How to Find a Good Tax Attorney Near Me

The payment of taxes is an obligation that must be met by every employed citizen and business owner of the United States, and failure to do so can lead to serious consequences. In 2020, the Internal Revenue Service's Criminal Investigation Division initiated 1,598 tax crime investigations. Out of these, 945 were recommended for prosecution, and 593 resulted in the offender being convicted and sentenced. However, tax matters are usually complex and confusing matters. The IRS code alone has a page count that runs into thousands, more than any layman can read and properly understand. As such, hiring a tax attorney nearby to help you handle any tax-related matters that you have can go a long way in resolving the complex and technical issues that are usually associated with these types of matters.

With IRS audit rates witnessing a significant increase in recent years, it is always a good idea to have a tax attorney on hand to guide you through this confusing process. Tax attorneys not only help you prepare for an IRS audit, but they also perform several other tax-related services. Some of the situations that a tax attorney can help you with include:

  • Filing petitions or lawsuits against the IRS
  • Dealing with unfiled tax returns, tax liens, tax levies, and tax penalties
  • Dealing with outstanding or unpaid taxes
  • Criminal investigations by the IRS
  • Starting, buying, or selling a business
  • Leaving property or money to your children, relatives, and other heirs

Although it is always in your interest to hire a tax attorney near you whenever you have tax-related issues, it is also important to make sure that your attorney is duly qualified to help you deal with these issues. Therefore, it is necessary to ask the following questions:

  1. Where Are You Licensed to Practice Tax Law in the State You Are?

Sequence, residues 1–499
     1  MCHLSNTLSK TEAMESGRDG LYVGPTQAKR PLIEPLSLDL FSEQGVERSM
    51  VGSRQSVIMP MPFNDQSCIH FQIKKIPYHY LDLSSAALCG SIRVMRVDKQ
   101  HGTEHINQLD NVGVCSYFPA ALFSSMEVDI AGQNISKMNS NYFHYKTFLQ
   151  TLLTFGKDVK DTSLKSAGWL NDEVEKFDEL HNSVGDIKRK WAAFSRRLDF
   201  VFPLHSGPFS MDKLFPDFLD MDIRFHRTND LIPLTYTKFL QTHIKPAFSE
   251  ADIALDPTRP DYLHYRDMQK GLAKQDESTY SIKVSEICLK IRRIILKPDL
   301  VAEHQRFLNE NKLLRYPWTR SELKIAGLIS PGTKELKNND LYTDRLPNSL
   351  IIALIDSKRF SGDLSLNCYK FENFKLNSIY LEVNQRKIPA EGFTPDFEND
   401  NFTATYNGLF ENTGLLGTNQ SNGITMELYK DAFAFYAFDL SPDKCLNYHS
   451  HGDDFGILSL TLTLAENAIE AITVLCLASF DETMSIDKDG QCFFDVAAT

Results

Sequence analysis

Tax-related court cases are typically filed in federal courts, and so it is always a good idea to make sure that your tax attorney is sworn into the practice of the federal courts that hear these types of matters in your state of residence. These courts are the United States Tax Court, the United States District Courts, and the United States Court of Federal Claims. The United States Bankruptcy Court may also hear bankruptcy-related tax issues.

    Tax attorneys can only practice in a federal court after successfully earning a bachelor's degree, passing the LSAT, and getting a law degree from an accredited law school. After getting this law degree, the attorney must pass a state-administered bar examination. The United States Tax Court, the United States Court of Federal Claims, and some United States District Courts like the Southern District Court of Texas accept attorneys that have been licensed by any state in the country. However, some United States District Courts only accept attorneys that have been licensed by the states where these courts are located. Examples of these types of courts include the Southern District Court of Ohio and the Northern District Court of California. Note that even though many tax-related cases are filed in federal courts, tax matters that involve a state or local government revenue agency are usually filed in state trial courts.

    You can verify the licensing status of any tax attorney near you by contacting either your state's bar association or the federal court where your tax-related matter is filed.

  2. What Kind of Tax Work Do You Handle?

    Even though tax law is generally considered a narrow branch of legal practice, it covers a wide range of areas and issues that require a great deal of specialized expertise. As such, before hiring a tax attorney near you, you should make sure that this attorney specializes in the type of tax matter that you need to take care of.

    The different practice areas of tax law can be categorized into three broad groups, and these are:

    • Tax Planning: tax attorneys that specialize in this type of tax work help clients put their affairs in order in ways that maximize the client's financial, business, and economic goals while also minimizing any taxes that this client has to pay to achieve these goals.
    • Tax Compliance: this type of tax work involves helping clients determine the best ways to appropriately report their tax-related matters to relevant governmental bodies and authorities. This typically includes preparing and filing returns, preparing documents that support tax return positions, analyzing past events to make sure that they are properly reflected on returns, and any other activities that ensure timely tax reporting.